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Monday, July 15, 2013

Create a Household Budget Using Microsoft Excel: A Guest Post from Sara @ Nerd Wallet!

Hey Gang, happy Monday!  Today I have a special treat for you - a guest post from Sara at Nerd Wallet!  Budgeting is one of my favorite nerdy pastimes!  Sara will share with us about how to create a budget using Excel.  Sara walks us through and shares all the tips and tricks

Take it away, Sara!
 
The best thing you can do for your financial future is to create a budget now. When you are spending based upon a pre-determined budget, you are less likely to spend more than you have and more likely to save or pay off any debts you have accrued. There are many sites where you must pay a fee to automatically create a budget from information you input, but there’s also a free way to budget your money. It’s surprisingly simple to create an easy-to-follow budget in Microsoft Excel. 
Here are a few things to keep in mind:
  • The first thing you should do is make a list of all of the non-negotiable bills you spend money on, such as your rent or mortgage, student loan payments, credit cards, utilities, etc. These are fixed bills that probably will not fluctuate. If they are fluctuating, you need to look at your payment plan. The amount due for these types of bills should stay almost the same every month, even for utilities if you sign up for a budget plan. The screenshot below is a great example of how you can create a simple budget format in Excel.

  • There should be a section on your budget for income so you know where your starting point is before you begin making any payments.
 
  • There are a lot of cool techniques in Excel that help you differentiate between items on your budget and even create trends so you can see how you are progressing as time passes. For example, you can highlight places in your budget where expenses and income exceed what you originally determined. Highlighting this information helps you remember that you need to adjust accordingly or revise your budget to include this new information. You can create “sparklines” to show trends over a 6-month period to see if you are on track with your budget prediction.  An example is below:


  • In order to create a budget in Excel, you need to be a little familiar with how the cells, columns, and rows work in this program.  Basically, you are going to create titles as seen in the above example spreadsheet. If you forget to include a category, you can always go back later and click the column number to add an additional row or several if needed.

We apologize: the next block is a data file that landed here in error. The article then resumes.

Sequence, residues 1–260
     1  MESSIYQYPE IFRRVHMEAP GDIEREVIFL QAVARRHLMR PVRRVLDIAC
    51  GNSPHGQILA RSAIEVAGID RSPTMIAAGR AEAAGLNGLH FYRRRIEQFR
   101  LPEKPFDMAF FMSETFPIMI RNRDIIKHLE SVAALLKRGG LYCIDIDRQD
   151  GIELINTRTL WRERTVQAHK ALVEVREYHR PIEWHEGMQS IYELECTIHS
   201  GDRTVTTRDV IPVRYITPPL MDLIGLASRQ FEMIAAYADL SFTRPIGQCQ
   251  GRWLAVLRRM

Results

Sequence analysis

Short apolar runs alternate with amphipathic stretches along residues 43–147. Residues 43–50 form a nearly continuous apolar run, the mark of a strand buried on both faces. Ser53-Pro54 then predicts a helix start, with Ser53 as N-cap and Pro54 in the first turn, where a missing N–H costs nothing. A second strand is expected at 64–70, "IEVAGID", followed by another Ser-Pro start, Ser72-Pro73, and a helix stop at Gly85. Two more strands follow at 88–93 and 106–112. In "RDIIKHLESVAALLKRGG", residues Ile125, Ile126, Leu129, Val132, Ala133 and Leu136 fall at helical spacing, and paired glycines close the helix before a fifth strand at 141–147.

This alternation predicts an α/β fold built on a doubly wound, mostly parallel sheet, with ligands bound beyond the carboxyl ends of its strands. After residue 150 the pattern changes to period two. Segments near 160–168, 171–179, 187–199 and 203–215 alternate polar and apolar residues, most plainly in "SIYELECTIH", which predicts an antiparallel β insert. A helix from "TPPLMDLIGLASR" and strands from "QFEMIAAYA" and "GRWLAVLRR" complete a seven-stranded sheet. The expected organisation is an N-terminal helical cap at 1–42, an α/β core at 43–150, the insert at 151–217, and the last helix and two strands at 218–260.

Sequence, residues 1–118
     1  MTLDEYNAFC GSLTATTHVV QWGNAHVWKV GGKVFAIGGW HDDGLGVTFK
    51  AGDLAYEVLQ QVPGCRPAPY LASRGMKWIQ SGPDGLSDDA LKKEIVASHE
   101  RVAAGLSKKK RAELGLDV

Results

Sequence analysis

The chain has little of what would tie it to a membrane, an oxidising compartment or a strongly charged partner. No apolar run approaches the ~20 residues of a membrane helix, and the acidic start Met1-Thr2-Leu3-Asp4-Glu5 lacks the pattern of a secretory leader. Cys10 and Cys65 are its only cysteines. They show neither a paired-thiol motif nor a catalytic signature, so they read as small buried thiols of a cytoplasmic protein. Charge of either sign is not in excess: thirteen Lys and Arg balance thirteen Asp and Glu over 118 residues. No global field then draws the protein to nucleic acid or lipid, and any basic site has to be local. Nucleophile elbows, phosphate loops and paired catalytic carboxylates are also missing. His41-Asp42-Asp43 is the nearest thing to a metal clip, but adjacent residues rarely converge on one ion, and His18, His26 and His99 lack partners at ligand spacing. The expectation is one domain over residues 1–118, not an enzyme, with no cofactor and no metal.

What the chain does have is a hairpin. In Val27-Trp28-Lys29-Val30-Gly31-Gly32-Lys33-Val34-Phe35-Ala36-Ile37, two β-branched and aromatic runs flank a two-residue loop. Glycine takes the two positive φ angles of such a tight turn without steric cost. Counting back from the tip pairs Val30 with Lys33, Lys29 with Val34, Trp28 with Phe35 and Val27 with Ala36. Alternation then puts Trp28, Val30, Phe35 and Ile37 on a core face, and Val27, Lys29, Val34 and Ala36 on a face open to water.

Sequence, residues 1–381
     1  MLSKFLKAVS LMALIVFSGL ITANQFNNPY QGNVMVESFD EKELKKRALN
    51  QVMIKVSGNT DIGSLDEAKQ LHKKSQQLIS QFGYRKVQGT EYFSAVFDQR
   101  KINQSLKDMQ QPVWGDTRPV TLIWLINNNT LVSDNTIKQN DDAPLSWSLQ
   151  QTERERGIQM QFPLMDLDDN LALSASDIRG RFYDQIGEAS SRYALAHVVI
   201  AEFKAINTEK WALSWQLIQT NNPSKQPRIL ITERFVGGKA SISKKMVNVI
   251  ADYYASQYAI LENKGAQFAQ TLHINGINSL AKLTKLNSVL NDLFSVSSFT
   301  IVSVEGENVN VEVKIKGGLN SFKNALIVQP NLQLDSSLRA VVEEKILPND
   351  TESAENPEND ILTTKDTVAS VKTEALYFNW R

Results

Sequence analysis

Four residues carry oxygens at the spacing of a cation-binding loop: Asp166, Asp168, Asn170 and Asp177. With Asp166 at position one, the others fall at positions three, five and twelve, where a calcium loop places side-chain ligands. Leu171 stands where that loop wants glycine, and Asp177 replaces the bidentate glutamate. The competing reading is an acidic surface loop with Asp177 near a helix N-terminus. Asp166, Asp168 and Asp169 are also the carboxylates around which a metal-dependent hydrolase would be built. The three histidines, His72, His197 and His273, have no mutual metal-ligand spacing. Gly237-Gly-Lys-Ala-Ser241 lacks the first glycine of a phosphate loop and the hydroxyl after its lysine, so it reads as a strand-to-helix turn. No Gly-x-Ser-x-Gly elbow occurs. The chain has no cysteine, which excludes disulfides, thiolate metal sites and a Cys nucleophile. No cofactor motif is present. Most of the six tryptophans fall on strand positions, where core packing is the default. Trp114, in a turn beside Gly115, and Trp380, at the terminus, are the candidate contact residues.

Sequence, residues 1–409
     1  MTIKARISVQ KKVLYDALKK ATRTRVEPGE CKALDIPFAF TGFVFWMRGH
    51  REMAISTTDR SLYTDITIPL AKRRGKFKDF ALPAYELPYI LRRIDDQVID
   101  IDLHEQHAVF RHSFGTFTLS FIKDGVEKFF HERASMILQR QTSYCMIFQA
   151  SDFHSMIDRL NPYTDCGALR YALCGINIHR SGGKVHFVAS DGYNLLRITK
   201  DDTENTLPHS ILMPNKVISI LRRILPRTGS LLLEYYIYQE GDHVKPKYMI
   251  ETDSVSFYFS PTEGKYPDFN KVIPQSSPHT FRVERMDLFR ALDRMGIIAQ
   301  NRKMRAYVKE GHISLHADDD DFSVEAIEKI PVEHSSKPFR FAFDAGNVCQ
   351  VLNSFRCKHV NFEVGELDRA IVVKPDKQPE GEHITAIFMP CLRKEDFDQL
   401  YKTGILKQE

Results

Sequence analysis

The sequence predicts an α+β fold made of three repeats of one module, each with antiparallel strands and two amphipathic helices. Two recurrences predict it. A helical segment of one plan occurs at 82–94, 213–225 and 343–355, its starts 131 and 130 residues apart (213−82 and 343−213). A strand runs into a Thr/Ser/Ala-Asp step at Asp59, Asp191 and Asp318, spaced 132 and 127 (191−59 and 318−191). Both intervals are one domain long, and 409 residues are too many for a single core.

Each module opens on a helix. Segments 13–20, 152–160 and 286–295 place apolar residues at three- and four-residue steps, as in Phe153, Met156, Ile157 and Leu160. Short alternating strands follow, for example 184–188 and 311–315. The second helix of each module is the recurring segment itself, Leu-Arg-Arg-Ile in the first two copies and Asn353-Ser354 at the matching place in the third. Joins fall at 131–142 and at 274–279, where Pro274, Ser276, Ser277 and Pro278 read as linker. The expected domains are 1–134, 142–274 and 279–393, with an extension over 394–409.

• If you want your numbers to be totaled automatically for you, you will need to use formulas within Excel so this happens without effort on your part. You will need to use the “auto sum” feature in Excel for this to happen automatically. See below:

And if you want, you can also include a monthly average, which will help you plan ahead more efficiently. 

Building a budget in Excel can be a bit of work or a breeze, depending on your proficiency level with the program. However, there are countless (and free) step-by-step guides available online that can meet you at your skill level to help you save time and money.
Sources:
Sara Collins is a writer for NerdWallet, a site that helps users make smart choices about every personal finance subject, from household budgeting to end of life healthcare costs.

5 comments:

Ashley @ ladyacray.blogspot.com said...

I'm obsessed with budgeting and always looking to see how other people do theirs - thanks for this post!

Chelsee W said...

Great tutorial! I will have to try this:)

Optimistic Existentialist said...

I will most definitely try this :)

a_mo said...

Interesting article! I budget in excel but I do a new sheet every month (I have a few sheets for each month- money, health/exercise, and one to track my progress in school), but now I'm thinking I should do all my money on one sheet so I can start averaging.

Megan said...

Excel always confuses me. BUT...I'll pin this for future reference because I've talked with my husband about how we need to do better with our budget.

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